Catholic Social Teaching and the Ideology of Liberalism
Ideology is the first problem to address in any contemporary political discussion. Ideology may be defined as the attempt to answer vast, complex problems by means of simplistic, “common sense,” closed systems of thought.
Ideologies are always narrow in their approach, promising utopia if only their doctrines can be given full assent and obedience. They provide a false haven from the perennial problems of life, and are in this sense an attempt to escape from the responsibility of real action, choosing instead a vague, abstract, and usually ambiguous solution.
The present pope has identified, perhaps more than any of his predecessors, the specific evil of ideology, and has responded by declaring war on this way of thinking. Pope Francis speaks of ideology as a “distilled faith,” passed through a filter with only the superficialities retained:
“In ideologies there is not Jesus: in his tenderness, his love, his meekness. And ideologies are rigid, always. Of every sign: rigid. And when a Christian becomes a disciple of the ideology, he has lost the faith: he is no longer a disciple of Jesus, he is a disciple of this attitude of thought.”
Socialism and capitalism are two ideologies with which Catholic Social Teaching struggles most, although it sometimes refers to the first as Marxism, and the second as economic “liberalism.” Because the latter—capitalism—is the reigning ideology of the present era, we will develop the Church’s teaching on this ideology in particular.
It does not matter at all that there is no such thing as pure capitalism in actuality, any more than there is pure socialism. That neither of these extremes can be realized in practice does not prevent them from being entertained in the mind as erroneous ideals, poisoning the thinking of millions. It is in this latter “idealistic” form that ideologies such as capitalism wreak havoc in modern society. It is also as ideologies that Pope Francis condemns them.
Paul VI wrote of his period:
“…we are witnessing a renewal of the liberal ideology. This current asserts itself both in the name of economic efficiency, and for the defense of the individual against the increasingly overwhelming hold of organizations, and as a reaction against the totalitarian tendencies of political powers. Certainly, personal initiative must be maintained and developed. But do not Christians who take this path tend to idealize liberalism in their turn, making it a proclamation in favor of freedom? They would like a new model, more adapted to present-day conditions, while easily forgetting that at the very root of philosophical liberalism is an erroneous affirmation of the autonomy of the individual in his activity, his motivation and the exercise of his liberty.”
And so it seems that any contemporary discussion of ideology must give special focus to liberalism, because it represents the operating ideology of the present era. Yet we must be clear about what is meant by the word. As we have already stated above, when the Church refers to “liberalism” she is speaking of that ideology,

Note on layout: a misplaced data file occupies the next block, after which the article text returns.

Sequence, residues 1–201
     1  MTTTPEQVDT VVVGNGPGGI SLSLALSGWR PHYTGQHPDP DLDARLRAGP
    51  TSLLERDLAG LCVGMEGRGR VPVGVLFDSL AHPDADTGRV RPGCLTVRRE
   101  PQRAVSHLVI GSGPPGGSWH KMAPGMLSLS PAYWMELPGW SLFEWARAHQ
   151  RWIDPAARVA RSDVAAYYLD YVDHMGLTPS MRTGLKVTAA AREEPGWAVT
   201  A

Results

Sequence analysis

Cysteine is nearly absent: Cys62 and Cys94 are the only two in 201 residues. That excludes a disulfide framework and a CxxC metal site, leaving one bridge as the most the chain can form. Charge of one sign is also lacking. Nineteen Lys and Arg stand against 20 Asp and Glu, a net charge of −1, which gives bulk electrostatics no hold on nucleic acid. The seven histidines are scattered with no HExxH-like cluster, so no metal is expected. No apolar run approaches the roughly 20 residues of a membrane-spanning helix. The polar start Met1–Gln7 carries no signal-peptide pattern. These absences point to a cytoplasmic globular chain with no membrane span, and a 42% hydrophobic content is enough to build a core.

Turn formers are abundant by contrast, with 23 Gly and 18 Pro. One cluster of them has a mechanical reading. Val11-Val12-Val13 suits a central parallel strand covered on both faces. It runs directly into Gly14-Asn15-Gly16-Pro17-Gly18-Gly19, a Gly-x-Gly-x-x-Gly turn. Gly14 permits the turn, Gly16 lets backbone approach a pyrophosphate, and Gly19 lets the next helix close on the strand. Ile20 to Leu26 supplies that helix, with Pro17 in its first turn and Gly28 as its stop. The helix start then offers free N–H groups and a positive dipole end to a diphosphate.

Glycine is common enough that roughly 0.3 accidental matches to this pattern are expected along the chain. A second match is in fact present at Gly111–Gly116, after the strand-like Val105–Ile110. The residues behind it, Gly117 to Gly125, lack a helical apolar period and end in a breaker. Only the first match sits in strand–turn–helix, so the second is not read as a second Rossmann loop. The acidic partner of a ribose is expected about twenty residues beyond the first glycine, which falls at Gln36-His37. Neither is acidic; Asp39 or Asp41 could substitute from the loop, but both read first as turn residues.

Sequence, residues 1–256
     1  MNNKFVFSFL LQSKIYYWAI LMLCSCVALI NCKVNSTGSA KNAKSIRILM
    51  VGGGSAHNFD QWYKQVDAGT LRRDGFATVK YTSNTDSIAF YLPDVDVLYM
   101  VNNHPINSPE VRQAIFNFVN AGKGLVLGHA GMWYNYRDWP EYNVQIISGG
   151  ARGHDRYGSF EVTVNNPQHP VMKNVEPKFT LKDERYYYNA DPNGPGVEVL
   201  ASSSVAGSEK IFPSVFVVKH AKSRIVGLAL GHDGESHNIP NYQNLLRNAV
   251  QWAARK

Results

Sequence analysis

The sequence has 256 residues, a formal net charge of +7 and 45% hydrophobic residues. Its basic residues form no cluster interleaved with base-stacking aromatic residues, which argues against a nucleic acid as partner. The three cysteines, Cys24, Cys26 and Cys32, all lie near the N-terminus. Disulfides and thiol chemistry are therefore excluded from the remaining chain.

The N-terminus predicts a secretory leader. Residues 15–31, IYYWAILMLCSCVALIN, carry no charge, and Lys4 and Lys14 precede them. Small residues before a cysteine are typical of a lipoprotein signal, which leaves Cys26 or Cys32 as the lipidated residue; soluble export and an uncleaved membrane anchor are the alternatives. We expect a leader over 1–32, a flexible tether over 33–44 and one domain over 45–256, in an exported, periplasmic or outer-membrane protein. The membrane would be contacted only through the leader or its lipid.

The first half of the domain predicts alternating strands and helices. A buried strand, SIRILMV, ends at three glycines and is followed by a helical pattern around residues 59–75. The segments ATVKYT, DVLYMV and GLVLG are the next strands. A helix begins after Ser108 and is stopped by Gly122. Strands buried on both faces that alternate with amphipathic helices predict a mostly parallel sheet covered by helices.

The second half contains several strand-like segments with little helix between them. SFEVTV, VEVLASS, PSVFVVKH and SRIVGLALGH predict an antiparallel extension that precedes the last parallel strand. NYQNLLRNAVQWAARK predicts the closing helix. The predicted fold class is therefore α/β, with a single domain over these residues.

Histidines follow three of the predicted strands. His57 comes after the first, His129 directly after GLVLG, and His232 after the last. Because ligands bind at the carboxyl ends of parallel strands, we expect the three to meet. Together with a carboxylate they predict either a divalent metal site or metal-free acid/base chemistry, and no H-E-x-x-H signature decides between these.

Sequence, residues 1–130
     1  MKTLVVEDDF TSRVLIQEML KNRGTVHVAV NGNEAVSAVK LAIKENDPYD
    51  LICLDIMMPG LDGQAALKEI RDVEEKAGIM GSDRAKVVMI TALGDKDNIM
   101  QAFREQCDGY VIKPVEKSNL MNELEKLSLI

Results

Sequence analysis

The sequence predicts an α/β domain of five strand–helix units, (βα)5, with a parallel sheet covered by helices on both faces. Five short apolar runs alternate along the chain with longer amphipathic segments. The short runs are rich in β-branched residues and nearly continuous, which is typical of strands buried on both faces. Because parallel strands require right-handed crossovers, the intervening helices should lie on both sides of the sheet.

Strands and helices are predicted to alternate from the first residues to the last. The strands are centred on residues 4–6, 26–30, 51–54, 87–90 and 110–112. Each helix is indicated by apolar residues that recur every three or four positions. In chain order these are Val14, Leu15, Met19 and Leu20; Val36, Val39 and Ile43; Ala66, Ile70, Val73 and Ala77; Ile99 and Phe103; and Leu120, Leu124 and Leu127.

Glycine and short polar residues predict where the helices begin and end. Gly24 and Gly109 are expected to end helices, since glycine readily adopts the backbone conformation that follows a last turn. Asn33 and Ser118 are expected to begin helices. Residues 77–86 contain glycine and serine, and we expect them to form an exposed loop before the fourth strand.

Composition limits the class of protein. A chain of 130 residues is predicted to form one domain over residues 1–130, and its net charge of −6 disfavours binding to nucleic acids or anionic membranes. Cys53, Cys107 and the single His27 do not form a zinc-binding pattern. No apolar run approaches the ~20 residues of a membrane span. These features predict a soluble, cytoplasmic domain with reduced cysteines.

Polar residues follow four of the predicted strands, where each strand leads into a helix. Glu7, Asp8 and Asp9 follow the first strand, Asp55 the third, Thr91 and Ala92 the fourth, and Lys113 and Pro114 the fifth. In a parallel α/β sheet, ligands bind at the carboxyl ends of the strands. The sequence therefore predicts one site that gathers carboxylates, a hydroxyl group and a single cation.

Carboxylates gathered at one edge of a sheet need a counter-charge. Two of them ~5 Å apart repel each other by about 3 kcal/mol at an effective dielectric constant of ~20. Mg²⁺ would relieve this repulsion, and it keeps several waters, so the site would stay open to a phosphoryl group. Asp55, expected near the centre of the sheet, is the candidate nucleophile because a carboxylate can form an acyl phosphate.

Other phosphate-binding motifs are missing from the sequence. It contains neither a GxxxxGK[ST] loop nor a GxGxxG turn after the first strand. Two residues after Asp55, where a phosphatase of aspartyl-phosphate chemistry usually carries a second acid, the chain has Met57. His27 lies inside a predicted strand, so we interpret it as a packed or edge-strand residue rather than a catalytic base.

“which believes it exalts individual freedom by withdrawing it from every limitation, by stimulating it through exclusive seeking of interest and power, and by considering social solidarities as more or less automatic consequences of individual initiatives, not as an aim and a major criterion of the value of the social organization.”
In Catholic Social Teaching, the Church is usually speaking directly of economic liberalism, which, as we remarked above, is also called capitalism. However, capitalism is only one expression of liberalism, and there are two others with which the Church has done battle in the past: religious liberalism and political liberalism. Recalling the definition of liberalism stated above, it should be obvious that just as capitalism represents the precise application of liberalism in the economic sphere, so the Reformation expressed the same principles in the religious sphere, while birth of secular government represents liberalism in the political sphere. We can identify these three liberal movements as personified by their respective thinkers: Adam Smith in the economic domain, Martin Luther in the religious, and John Locke in the political.
In fact, we could go so far as to say that Catholic Social Teaching in general represents a prolonged response to the errors of liberalism in the economic sphere.
b. Liberalism is not an American political party
Despite the way the term is used in the United States, when the popes speak of liberalism they are not fighting against the American Democratic Party. They have something much larger in mind.
No doubt, of course, the American “liberals” are products of the liberal ideology, as evidenced by their preference for secularism in political affairs and their insistence on the absolutism of certain political rights; however, American “conservatives” are just as much children of liberalism as their counterparts, what with their intemperate devotion to the autonomy of markets, combined with their insistence on the absolutism of property rights. The two American parties are both thoroughly liberal—they simply represent two different sides of the coin.